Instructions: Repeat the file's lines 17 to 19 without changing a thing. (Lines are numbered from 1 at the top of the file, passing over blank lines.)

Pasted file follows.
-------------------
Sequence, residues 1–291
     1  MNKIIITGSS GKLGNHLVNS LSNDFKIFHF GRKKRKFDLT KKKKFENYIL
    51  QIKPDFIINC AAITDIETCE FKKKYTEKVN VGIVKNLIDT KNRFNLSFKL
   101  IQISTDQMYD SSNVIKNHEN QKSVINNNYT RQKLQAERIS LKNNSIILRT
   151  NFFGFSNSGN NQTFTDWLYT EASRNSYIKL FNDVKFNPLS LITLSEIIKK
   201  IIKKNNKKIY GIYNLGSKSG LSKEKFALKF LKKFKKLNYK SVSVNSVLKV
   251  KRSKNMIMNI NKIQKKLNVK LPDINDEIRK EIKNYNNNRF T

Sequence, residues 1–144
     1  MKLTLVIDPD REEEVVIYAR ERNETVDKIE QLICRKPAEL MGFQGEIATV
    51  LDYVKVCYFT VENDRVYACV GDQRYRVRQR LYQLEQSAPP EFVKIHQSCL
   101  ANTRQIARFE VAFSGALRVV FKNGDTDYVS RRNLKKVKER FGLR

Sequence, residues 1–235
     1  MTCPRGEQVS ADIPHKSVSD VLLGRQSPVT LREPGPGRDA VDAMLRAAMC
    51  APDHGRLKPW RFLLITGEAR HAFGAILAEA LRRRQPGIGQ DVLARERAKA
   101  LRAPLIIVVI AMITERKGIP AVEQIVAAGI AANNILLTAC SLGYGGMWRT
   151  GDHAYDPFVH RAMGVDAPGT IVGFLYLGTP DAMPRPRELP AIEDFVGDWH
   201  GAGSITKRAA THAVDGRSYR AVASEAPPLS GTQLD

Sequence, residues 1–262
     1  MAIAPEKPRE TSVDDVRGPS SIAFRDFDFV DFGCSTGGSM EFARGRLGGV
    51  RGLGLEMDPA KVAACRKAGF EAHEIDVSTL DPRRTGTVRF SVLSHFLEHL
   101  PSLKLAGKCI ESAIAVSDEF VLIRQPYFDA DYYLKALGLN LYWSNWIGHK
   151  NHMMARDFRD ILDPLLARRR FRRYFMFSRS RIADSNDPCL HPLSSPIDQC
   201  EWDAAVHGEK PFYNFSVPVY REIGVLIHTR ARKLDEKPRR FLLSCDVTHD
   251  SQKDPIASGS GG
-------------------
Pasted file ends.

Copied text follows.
   201  GAGSITKRAA THAVDGRSYR AVASEAPPLS GTQLD

Sequence, residues 1–262
     1  MAIAPEKPRE TSVDDVRGPS SIAFRDFDFV DFGCSTGGSM EFARGRLGGV